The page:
Secondly, Jefferson used the networks created by the treaties to further the program of gradual "civilization.The Natives and the English - Crash Course US History #3
Through treaties and commerce, Jefferson hoped to continue to get American Indians to adopt European agricultural practices, shift to a sedentary way of life, and free up hunting grounds for further white settlement. The desire for land raised the stakes of the "civilization program.
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The lands were theirs as long as they wished, but he hoped to accelerate the process. In a letter to William Henry Harrison, written as the diplomatic crisis leading to the Louisiana Purchase unfolded, Jefferson suggested that if the various Indian nations could be encouraged to purchase goods on credit, they would likely fall into debt, which they could relieve through the sale of lands to the government.
American Indian peoples were divided as to how to respond to Jefferson's policies.
The Shawnee chief Black Hoof embraced the "civilization program," and he and many Shawnee settled within the state of Ohio and lived as farmers, while the Shawnee war leader Tecumseh took a different course and led the formation of a pan-Indian resistance movement against the United States government in the years prior to the War of Some of the Indian nations in the South also accepted the "civilization program" and eventually became known as the "Five Civilized Tribes.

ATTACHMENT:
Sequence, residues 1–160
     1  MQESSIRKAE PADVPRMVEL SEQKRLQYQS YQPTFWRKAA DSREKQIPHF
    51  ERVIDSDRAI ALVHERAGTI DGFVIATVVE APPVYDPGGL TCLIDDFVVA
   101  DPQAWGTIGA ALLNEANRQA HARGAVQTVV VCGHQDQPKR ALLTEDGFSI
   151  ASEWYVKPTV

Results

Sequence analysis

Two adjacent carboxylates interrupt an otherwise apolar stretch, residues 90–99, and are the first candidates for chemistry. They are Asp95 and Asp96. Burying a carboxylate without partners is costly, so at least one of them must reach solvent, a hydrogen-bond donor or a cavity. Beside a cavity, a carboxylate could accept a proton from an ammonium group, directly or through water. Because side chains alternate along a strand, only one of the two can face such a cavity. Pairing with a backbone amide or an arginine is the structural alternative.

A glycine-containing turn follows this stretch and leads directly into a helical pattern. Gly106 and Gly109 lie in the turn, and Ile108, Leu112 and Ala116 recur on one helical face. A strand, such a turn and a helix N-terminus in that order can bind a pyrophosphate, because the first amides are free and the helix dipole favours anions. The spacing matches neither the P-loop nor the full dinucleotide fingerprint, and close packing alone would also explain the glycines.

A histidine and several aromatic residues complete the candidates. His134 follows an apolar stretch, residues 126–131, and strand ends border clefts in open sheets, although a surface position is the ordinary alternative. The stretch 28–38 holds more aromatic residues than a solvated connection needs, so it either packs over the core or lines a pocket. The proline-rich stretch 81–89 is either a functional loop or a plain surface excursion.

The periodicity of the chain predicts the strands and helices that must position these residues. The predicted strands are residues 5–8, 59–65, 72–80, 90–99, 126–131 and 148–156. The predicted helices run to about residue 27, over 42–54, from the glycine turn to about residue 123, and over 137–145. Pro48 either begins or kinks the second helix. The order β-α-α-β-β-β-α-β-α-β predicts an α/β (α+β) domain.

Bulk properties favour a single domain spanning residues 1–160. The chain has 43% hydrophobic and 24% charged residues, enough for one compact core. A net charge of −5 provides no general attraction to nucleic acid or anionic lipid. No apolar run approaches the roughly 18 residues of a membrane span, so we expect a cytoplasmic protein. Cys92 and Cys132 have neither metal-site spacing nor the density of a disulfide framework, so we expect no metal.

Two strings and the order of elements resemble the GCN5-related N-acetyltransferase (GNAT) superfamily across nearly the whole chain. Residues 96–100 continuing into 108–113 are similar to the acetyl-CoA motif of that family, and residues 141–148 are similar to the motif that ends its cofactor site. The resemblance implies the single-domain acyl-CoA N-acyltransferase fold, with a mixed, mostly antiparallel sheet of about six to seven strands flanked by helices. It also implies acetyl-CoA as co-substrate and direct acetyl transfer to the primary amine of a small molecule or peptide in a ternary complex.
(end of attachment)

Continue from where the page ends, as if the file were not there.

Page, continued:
Yet many southern Indians remained skeptical of "civilization" and joined Tecumseh's movement. Among the Creeks, a distinct anti-white resistance movement called the Red Sticks rose against the United States and the Creek nation itself during the War of Jefferson and Lewis recognized that large quantities of "Indian presents" were extremely important to the success of the mission.
Indian and white relations on the American frontier were based on the mechanism of gift exchange, the idea being that the relationship would falter unless both sides demonstrated their commitment to alliance through the exchange of material goods.
The presents that Lewis and Clark distributed and received along the trail were designed to symbolize the opening of relations between western tribes and the new American republic.
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The gifts they received from the tribes they met provided members of the Corps with examples of Indian art and culture, but Lewis and Clark did not systematically "collect" Indian objects as they did plant and animal specimens.
As important new research conducted by Dr. Castle McLaughlin at the Peabody Museum of Archaeology and Ethnology at Harvard University suggests, the Native American expedition objects that ended up in Jefferson's "Indian Hall" at Monticello and in Charles Willson Peale's museum in Philadelphia the surviving examples from the Peale Museum are today in the Peabody Museum should be understood as results of exchanges made in diplomatic and social contexts rather than as products of collecting in an anthropological sense.